Foundation Online – Too Basic?

We quite often hear from people studying using our online course asking for a more detailed explanation of how an aspect of amateur radio works, or commenting on the “basic” nature of Foundation. Where possible we’re happy to help, but it’s important to note that for our Foundation Online course, we only focus on the Foundation syllabus – what you’ll need to know to pass your Foundation exam and get started in the hobby. The hope is that, once you’ve got your licence, you’ll progress through Intermediate and on to the Full/Advanced licence.

It’s all a bit basic?

For many people, especially those with a grounding in RF and electronics, yes, but for others, passing Foundation is a challenge, and some of the concepts (if not encountered before) are alien.

Anyone with a decent grounding in any of the key disciplines (electronics, transmitters, RF, antennas, etc) will realise fairly quickly that what’s examined at Foundation is very simplistic, and doesn’t give a true representation of the subject. Electronics is a great example – it’s explained in under 4 pages, and typically only 2 electronics questions are asked in the exam. Things are brushed over, the drawings and detail is deliberately very limited. For many, it will leave questions unanswered. The intention of the Foundation level is to give a basic overview of the aspects that make up amateur radio. The expectation is that students will progress to Intermediate (which starts to look at construction and electronics in more detail), before moving to the Advanced licence.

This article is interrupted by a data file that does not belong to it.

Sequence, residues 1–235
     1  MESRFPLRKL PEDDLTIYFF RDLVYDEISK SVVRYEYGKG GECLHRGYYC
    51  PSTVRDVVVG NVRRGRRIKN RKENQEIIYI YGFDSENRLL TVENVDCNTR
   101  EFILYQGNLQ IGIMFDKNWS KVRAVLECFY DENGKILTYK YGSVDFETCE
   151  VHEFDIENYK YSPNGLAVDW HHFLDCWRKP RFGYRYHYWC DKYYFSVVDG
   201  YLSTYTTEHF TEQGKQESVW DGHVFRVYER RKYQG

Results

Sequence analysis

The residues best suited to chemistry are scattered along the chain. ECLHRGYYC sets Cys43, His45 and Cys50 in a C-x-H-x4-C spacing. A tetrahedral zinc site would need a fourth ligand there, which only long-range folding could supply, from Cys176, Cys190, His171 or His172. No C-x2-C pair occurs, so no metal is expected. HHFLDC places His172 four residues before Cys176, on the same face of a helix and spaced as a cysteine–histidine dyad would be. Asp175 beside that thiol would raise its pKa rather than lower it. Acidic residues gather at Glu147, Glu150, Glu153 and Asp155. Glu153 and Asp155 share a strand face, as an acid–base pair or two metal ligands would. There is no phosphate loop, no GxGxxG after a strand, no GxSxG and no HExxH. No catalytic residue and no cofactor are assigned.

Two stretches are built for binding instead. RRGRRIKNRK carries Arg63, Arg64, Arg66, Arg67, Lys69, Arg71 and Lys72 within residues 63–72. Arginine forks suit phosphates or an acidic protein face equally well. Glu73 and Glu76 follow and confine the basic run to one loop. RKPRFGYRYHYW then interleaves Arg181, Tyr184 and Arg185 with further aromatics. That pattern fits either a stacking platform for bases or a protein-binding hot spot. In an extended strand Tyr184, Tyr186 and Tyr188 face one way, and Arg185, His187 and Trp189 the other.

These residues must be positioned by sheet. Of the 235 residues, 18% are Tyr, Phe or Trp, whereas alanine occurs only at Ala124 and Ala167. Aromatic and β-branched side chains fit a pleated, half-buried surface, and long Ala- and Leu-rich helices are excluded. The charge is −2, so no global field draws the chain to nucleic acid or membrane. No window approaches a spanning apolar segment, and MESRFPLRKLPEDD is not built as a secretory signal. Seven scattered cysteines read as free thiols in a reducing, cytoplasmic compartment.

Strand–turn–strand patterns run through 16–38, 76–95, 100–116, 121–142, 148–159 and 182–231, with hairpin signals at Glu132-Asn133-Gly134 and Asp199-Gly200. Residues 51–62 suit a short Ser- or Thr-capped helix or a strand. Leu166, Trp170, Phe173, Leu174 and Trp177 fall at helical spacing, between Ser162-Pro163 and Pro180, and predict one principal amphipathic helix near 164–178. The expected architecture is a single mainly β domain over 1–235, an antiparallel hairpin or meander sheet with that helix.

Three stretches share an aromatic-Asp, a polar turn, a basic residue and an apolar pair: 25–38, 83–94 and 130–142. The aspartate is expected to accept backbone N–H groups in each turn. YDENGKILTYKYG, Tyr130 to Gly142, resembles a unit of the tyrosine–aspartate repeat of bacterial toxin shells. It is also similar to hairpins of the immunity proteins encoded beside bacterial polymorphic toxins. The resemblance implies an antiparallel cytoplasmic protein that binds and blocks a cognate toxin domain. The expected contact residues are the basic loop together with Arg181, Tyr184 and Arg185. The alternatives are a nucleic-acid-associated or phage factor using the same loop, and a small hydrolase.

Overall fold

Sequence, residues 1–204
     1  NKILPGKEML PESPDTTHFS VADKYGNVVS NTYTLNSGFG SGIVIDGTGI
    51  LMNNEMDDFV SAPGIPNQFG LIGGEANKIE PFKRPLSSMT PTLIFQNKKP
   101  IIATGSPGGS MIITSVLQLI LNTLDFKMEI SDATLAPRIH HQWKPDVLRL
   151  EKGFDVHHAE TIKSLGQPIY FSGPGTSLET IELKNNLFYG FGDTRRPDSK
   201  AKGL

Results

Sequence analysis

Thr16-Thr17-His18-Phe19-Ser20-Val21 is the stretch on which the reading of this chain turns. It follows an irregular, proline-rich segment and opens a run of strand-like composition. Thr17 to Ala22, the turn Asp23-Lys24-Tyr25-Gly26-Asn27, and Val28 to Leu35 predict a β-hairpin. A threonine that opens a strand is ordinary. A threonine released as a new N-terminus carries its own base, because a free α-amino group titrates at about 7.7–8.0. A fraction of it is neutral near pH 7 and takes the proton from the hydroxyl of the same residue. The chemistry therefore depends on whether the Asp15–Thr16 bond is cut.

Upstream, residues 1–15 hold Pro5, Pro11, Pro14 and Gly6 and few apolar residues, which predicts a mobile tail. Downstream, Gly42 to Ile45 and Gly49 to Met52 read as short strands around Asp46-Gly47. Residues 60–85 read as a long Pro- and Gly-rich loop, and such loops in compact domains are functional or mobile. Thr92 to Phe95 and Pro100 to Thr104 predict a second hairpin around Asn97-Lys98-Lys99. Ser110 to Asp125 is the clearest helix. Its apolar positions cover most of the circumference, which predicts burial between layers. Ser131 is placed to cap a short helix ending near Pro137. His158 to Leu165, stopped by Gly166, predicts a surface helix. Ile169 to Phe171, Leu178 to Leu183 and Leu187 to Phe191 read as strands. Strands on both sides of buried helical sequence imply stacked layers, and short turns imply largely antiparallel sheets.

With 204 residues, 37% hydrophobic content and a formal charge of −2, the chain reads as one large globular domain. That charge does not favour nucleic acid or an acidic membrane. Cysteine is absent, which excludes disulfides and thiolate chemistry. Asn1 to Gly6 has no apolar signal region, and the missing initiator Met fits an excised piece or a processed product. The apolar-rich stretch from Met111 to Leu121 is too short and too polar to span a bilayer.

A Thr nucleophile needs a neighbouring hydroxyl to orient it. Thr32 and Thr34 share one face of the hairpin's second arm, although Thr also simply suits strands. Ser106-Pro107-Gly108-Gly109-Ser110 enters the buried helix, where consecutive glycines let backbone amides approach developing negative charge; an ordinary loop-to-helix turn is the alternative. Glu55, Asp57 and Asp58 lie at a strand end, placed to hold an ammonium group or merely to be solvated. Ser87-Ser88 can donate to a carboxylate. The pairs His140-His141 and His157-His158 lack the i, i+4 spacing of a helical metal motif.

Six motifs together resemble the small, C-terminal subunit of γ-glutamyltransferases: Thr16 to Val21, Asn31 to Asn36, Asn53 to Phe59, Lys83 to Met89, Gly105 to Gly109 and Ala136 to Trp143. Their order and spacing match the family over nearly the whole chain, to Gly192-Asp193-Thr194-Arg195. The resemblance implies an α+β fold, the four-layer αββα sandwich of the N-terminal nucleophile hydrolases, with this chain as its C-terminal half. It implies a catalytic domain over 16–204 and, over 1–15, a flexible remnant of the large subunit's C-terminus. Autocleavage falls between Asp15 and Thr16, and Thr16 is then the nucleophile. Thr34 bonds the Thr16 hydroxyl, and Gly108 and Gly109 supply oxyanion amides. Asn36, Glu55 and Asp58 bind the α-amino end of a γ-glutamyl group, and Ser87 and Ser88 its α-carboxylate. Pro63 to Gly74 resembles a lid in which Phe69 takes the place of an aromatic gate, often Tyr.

Can I start at Advanced?

Those with a solid grounding in RF, electronics or physics can often get frustrated that they can’t just straight into the Full exam, and have to start with the basic Foundation. To an extent, this is true, but you can sit all three levels of exam close to each other (or even do them all in a day at some locations, such as the annual RSGB convention).

As a bit of background, until 2003, those looking to get into amateur radio would sit a City & Guilds Radio Amateur Exam (which is the equivalent of today’s Full/Advanced). There was only one level, and on average, it was a six-month course. Things were taught in a different way, and many of the traditional radio amateurs feel that the old RAE was the way to go – No simplistic drawings, only a detailed understanding of the theory. There were no practical tests, just a theory paper. Whilst many feel that this allowed the subjects to be taught in the correct way, the down-side was a significant reduction in the number of people sitting the exam and passing it. Most observers agree that if something didn’t change, there’d be no new blood coming into the hobby, and it would quietly die. So today’s three-level system was born, and looking at the numbers, the change has “saved” the hobby by encouraging people to give it a go. The decision to split from the old RAE still remains controversial.

You’re correct that the drawings and principles at Foundation are very basic, and in some cases misleading, and the RSGB are working on a syllabus review at the moment that will mean some changes to the course structure and material, to bring in some of the more advanced material into the lower levels.

I’m not sure if you’ve looked at the material for the higher levels in the hobby, but if you’re looking to progress to Full and want a more in-depth understanding, it may be worth you looking at the course material for Full. You can also get a feel for the requirements of all three levels here:

Hopefully that answers the two questions, and gives you a feel for why things are a little “basic” at Foundation.


Handy Links

Add a Comment

Your email address will not be published. Required fields are marked *